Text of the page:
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New Delhi: Vodafone Group Plc. is spending $1 billion to upgrade its network and retail stores in India as it counts on surging data use to drive growth in a market where the average customer spends about $3 a month.

While the network is being upgraded for faster services, the roll-out is being constrained by low revenue and limited wireless spectrum, Vodafone India chief executive officer Marten Pieters said in an interview. The company won’t consider an initial public offering (IPO) of the unit, India’s second-largest wireless operator, until it has greater certainty about its access to airwaves.

Vodafone is using cash from the $130 billion sale of its stake in US operator Verizon Wireless to invest in its international networks and drive expansion in emerging markets as Europe nears saturation. India, the world’s second-largest mobile market by users, is set to overtake the UK as the company’s largest source of revenue. Laying new fibre to connect its base stations will drive data demand, Pieters said.

“It’s all about data," Pieters said on 26 September. “That’s the most exciting thing we see. If the customer gives me $2 or $3 a month, it’s very difficult for me to build a good network. Where in the rest of the world they get $20, $40, or even $60 or $80 in the US"

Within two years, the company expects to have third-generation technology in every service area in India, double what it has now. The company plans to test fourth-generation services on long term evolution (LTE) technology for the first time next year, Pieters said.

Smartphone growth

Newbury, England-based Vodafone has 169 million customers in India and posted 376 billion ($6.1 billion) in service revenue last year. The average revenue per user (Arpu) is 203 ($3.29) a month, compared to 202 at Bharti Airtel Ltd, India’s largest mobile phone operator, and 181 at Idea Cellular Ltd, the no. 3 carrier.

India is the fastest-growing smartphone market in the world driven by the availability of cheap devices with most people getting online through mobile networks, according to Pieters.

Given the state of India’s roads, Vodafone expects more consumers in the nation, especially those outside cities, to use the Internet to shop, access entertainment and other services.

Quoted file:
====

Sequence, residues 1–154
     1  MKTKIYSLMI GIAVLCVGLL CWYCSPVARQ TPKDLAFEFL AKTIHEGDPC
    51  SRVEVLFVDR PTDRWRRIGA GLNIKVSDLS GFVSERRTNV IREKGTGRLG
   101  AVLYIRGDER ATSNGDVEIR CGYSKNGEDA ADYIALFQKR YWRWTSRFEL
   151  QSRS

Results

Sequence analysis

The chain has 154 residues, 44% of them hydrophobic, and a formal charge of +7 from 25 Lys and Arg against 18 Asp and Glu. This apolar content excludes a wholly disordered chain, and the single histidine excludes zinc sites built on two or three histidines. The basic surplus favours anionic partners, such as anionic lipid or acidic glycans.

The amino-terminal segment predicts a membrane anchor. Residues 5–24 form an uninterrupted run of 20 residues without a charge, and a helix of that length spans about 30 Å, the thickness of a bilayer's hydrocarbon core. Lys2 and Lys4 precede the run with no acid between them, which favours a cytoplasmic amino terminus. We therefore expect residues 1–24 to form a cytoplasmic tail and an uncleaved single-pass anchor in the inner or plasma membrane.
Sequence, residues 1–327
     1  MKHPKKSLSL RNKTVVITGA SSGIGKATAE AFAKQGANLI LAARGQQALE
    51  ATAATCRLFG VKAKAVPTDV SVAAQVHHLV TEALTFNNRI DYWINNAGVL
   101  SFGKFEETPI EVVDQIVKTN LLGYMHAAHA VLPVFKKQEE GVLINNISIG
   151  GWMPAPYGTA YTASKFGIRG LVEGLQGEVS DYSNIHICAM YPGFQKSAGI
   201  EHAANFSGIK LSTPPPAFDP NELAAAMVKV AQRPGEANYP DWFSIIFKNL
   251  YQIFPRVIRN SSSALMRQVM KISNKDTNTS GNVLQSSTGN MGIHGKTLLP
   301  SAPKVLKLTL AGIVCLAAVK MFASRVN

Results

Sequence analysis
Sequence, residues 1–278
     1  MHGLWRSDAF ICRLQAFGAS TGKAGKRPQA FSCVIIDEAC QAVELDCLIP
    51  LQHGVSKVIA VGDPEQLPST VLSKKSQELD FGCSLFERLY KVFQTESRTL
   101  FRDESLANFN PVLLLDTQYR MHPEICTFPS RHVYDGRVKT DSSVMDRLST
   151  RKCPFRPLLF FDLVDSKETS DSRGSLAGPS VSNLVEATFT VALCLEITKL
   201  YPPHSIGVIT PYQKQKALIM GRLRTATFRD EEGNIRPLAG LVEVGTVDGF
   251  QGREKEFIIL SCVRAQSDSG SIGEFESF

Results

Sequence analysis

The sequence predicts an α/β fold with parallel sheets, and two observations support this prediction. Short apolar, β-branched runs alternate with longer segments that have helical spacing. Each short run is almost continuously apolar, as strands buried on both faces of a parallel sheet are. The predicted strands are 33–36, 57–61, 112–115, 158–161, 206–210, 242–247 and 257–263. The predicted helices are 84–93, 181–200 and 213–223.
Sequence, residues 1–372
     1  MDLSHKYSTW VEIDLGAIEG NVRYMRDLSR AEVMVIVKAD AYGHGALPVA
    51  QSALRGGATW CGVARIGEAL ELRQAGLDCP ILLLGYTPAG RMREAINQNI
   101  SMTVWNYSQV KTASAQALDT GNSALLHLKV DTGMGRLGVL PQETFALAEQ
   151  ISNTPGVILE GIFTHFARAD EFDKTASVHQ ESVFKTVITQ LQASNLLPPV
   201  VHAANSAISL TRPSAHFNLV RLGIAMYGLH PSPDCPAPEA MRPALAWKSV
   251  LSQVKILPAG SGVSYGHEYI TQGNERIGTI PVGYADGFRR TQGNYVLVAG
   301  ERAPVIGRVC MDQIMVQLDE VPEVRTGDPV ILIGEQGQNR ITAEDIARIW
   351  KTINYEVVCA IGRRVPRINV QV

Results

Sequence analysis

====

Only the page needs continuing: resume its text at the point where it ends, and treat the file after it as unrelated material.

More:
“Logistics and availability of services in India is a big problem," said Pieters. Online retail has “taken off because there’s no alternative."

Spectrum battle

The company’s sales from 3G networks nearly tripled last year and data demand helped the Indian business increase service revenue by 10.3%. That compares with a 9.1% decline for Europe, where Italy slumped 17% and Spain dropped 13%.

Vodafone shares have dropped 15% this year, valuing the company at about £54 billion ($86 billion). That compares with the 3.7% decline in the MSCI World/Telecommunication Services Index.

Improving the company’s access to wireless spectrum and ensuring it has enough for services in a market where airwaves are divided up among eight mobile phone operators is critical to developing the business, Pieters said.

“The problem is the same across the industry, not just for Vodafone," said Nitin Soni, director of Asia-Pacific corporate ratings at Fitch Ratings in Singapore. “You have to pay a lot of money for not much spectrum."

Spectrum risks

India raised almost $10 billion from an auction of wireless spectrum in February. Vodafone said it spent 196 billion in the auction—including for airwaves in the key cities of Mumbai, New Delhi and Kolkata—with about 56 billion payable this fiscal year. Some of the spectrum will be used for 4G service, the company said.

In July, a government regulator recommended mobile carriers share spectrum to lower costs.

Low spectrum holdings will constrain growth in data, especially in large cities, Pieters said.

Vodafone has wireless spectrum covering 83% of the country, including in Mumbai, New Delhi and Bengaluru. In seven of the company’s service areas, its spectrum allocations are up for auction in February.

Vodafone has taken legal action to extend its licences with India’s Supreme Court to hear the case in November.

If Vodafone isn’t able to extend or buy spectrum in two of its expiring service areas where it has no alternative access to airwaves, the company would be forced to abandon its business.

“We don’t even know what we’re going to have to pay for that spectrum, and we don’t even know if we’ll be able to buy it," Pieters said. “It’s unheard of that you put up for auction spectrum that is in use by an operator. It is unheard of and unacceptable."

Resolving those holdings are a prerequisite before the company can consider an IPO of shares in India.

“It’s impossible to stand up on a stage and say I’m going to sell this share, but I don’t actually know if I’ll have that business," Pieters said. Bloomberg

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